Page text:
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Kenya At Loggerheads With Uganda Over Pharmaceutical, Beer Taxes

Kenya is in a major disagreement with her neighbour Uganda over excise duty charged on beer, pharmaceutical and spirits products exported to Uganda.

Uganda has been charging a 13 percent excise duty on the products, which Kenya finds hefty and wants the tax done away with, or the country will “retaliate”.

According to Trade Principal Secretary Chris Kiptoo, Uganda has already agreed to abolish the taxes.

“Uganda has given an undertaking that it will abolish these taxes, but if they do not we have no alternative but to reciprocate,” Kiptoo told  local daily.

Read: Kenya’s Cement Export To Neighbours Slumps 68PC As New Entrants Spell Doom

In a retaliatory move, Kenya is thought to be planning to tax poultry products from Uganda, which have been flooding the market at cheaper prices, killing the market for local farmers.

Kenya is now proposing a 16 percent duty on milk from Uganda after farmers raised eyebrows over competition that saw the price of the raw milk from Kenyan farmers reduce to Ksh19 from Ksh37.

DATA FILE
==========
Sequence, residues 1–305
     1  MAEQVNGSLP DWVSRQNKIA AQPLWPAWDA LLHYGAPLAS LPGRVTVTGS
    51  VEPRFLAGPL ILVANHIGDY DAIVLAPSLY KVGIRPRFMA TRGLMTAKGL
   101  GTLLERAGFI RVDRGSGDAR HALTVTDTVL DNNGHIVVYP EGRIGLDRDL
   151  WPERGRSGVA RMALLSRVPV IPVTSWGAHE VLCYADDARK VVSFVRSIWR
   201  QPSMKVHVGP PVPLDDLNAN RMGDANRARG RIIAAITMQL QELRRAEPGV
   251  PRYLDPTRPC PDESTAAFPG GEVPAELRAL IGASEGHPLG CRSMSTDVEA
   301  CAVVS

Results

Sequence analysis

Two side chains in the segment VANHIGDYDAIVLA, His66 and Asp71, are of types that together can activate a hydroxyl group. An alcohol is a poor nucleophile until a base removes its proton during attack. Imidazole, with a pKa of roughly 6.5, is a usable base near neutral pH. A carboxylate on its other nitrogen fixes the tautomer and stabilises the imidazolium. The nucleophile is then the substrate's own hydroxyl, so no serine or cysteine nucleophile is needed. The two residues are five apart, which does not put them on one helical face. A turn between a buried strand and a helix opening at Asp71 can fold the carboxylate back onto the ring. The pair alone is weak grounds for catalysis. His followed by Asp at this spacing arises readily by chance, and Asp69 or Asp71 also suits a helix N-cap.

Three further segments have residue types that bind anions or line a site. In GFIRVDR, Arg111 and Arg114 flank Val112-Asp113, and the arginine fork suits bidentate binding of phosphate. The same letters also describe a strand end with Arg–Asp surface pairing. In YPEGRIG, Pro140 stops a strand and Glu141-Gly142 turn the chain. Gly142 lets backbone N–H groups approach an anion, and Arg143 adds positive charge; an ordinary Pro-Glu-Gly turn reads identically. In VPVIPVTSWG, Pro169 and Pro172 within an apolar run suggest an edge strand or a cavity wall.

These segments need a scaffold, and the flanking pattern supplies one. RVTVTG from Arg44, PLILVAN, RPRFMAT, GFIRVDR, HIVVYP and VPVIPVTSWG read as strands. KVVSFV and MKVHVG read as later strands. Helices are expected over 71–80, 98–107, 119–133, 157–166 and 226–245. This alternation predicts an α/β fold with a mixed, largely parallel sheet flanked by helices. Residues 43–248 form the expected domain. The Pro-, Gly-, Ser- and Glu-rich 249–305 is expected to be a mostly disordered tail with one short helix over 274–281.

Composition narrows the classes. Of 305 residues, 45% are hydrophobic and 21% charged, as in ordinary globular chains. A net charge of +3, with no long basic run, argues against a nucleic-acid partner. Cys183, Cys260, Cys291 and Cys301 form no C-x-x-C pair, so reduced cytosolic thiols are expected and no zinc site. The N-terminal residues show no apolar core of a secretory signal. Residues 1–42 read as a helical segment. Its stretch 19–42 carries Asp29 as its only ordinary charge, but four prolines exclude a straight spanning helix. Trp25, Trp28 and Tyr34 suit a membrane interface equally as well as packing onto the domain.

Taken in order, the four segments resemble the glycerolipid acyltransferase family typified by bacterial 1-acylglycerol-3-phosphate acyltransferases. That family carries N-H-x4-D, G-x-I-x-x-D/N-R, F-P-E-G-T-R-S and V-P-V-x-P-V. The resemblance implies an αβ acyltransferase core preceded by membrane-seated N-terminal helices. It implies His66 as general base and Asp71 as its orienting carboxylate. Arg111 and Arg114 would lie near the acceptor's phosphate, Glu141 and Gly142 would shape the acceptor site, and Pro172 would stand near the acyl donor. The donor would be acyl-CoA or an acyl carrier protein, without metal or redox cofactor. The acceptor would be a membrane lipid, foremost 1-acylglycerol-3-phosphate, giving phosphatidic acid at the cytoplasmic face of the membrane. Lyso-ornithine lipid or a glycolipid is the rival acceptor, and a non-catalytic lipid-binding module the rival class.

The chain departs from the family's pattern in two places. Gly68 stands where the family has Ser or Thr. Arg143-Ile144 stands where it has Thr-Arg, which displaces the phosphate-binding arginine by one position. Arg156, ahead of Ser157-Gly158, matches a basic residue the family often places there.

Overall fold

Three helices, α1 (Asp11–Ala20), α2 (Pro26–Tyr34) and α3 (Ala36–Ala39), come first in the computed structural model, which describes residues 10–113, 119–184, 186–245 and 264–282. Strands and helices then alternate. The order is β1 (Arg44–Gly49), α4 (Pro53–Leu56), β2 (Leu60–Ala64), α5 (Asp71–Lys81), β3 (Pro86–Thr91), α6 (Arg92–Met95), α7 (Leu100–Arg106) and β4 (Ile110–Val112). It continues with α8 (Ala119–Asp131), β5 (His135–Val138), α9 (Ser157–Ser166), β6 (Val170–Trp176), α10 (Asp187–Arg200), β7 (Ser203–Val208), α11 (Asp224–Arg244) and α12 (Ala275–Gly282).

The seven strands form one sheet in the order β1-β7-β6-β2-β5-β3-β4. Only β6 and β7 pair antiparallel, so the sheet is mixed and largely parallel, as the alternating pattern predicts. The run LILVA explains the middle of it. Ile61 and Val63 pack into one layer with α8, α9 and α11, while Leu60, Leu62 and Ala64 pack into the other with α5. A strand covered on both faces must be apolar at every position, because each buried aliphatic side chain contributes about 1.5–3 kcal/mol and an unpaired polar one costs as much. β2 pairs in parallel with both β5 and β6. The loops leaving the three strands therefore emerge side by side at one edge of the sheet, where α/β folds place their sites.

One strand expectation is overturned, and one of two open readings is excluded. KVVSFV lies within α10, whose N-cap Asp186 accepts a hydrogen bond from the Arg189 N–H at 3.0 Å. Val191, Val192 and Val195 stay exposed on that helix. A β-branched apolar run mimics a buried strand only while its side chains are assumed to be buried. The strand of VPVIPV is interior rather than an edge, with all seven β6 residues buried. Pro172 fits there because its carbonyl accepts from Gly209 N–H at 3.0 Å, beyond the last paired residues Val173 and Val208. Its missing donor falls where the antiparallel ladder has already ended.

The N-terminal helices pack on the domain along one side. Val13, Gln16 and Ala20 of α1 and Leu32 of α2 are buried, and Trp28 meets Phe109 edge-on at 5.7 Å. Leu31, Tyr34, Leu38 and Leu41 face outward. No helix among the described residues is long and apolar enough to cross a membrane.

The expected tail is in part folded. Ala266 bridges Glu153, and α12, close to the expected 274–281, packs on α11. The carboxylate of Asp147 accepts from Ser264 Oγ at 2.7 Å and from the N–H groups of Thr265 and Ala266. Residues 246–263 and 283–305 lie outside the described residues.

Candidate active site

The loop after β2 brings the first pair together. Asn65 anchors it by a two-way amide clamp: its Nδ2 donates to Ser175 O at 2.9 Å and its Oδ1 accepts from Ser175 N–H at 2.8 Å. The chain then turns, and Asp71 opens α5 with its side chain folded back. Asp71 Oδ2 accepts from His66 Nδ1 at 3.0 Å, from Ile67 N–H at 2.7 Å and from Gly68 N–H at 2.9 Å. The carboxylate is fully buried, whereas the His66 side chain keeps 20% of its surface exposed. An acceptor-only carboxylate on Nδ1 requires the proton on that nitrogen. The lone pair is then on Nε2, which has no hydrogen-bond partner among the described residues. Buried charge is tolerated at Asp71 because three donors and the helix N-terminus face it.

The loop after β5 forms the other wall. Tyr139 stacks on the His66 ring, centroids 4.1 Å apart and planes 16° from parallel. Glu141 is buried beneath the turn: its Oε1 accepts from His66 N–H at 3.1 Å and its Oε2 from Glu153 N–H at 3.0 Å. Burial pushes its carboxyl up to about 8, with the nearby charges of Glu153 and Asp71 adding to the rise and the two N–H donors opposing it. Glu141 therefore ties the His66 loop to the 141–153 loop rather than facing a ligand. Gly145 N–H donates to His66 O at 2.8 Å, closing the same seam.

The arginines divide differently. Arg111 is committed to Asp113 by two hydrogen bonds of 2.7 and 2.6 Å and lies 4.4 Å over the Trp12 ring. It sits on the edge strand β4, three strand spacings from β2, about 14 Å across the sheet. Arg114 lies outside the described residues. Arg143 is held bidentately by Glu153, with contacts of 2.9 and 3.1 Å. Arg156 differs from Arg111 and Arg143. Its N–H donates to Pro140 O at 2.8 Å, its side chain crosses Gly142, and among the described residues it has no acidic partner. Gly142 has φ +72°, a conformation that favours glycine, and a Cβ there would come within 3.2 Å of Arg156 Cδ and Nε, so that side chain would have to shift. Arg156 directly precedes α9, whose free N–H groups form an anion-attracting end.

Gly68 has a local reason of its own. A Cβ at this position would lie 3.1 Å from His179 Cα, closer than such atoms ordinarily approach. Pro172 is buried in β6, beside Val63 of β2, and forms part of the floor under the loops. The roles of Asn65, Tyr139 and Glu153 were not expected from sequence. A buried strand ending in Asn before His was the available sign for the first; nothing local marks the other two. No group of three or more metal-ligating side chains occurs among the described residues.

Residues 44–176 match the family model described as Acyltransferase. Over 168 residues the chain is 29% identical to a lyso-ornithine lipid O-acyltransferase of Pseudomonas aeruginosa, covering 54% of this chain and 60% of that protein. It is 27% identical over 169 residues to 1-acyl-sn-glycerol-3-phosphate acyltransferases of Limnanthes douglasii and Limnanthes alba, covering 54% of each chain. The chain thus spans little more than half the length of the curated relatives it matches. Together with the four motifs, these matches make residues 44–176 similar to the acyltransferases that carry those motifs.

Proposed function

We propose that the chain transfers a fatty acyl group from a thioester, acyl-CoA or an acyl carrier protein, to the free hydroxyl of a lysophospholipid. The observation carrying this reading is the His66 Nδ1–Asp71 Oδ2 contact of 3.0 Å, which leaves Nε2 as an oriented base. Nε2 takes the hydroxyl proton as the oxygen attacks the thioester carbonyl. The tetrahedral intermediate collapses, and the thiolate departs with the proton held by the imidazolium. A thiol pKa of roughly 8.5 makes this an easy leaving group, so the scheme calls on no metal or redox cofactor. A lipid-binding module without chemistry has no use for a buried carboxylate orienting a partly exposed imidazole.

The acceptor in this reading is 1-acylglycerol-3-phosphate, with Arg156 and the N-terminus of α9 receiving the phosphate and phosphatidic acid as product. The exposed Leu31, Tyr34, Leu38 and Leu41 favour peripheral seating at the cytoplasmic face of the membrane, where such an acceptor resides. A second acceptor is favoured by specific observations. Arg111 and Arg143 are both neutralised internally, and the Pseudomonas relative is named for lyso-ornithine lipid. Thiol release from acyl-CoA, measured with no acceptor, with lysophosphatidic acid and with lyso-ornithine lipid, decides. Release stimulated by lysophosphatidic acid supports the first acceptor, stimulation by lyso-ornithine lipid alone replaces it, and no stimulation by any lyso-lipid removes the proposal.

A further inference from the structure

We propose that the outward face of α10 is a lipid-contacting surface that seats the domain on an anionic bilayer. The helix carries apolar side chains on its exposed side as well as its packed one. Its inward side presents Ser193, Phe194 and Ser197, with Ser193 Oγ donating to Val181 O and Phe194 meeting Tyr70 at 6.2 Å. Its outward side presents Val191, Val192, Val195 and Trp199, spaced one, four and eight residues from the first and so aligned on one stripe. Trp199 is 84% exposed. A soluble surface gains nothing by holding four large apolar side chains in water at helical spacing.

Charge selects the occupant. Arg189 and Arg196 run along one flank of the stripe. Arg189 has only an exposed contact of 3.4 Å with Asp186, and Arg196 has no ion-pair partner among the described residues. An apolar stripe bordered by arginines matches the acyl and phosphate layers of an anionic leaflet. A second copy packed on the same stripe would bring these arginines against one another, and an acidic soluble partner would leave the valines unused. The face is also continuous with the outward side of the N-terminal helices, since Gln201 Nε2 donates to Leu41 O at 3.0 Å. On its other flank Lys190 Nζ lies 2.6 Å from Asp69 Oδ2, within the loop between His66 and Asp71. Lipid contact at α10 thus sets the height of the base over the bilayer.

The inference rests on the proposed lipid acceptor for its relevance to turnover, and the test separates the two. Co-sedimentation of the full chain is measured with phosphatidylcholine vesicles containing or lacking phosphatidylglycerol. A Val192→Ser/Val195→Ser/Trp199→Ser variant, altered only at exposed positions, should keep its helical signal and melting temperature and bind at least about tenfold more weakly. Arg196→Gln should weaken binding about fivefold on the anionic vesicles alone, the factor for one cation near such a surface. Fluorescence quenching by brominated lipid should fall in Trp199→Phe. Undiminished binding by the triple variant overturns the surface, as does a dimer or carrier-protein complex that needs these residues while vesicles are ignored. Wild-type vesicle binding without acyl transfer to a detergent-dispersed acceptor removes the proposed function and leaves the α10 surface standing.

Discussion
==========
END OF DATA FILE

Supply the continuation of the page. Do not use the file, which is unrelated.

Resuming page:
Kenyan products exported to its neighbours Uganda and Tanzania have been unable to compete favourably due to heavy taxes imposed by the countries, yet Kenya have been allowing products from the countries ‘freely’.

Currently, Tanzania charges  veterinary levy on Kenyan milk while Uganda charges a Value Added Tax (TAX) of 18 percent for Kenyan poultry products.

Currently, milk imported to Kenya from East African countries hit 110.7 litres in the first nine months of 2019, from three million litres in 2016.

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Written by Francis Muli

Follow me on Twitter @francismuli_. Email

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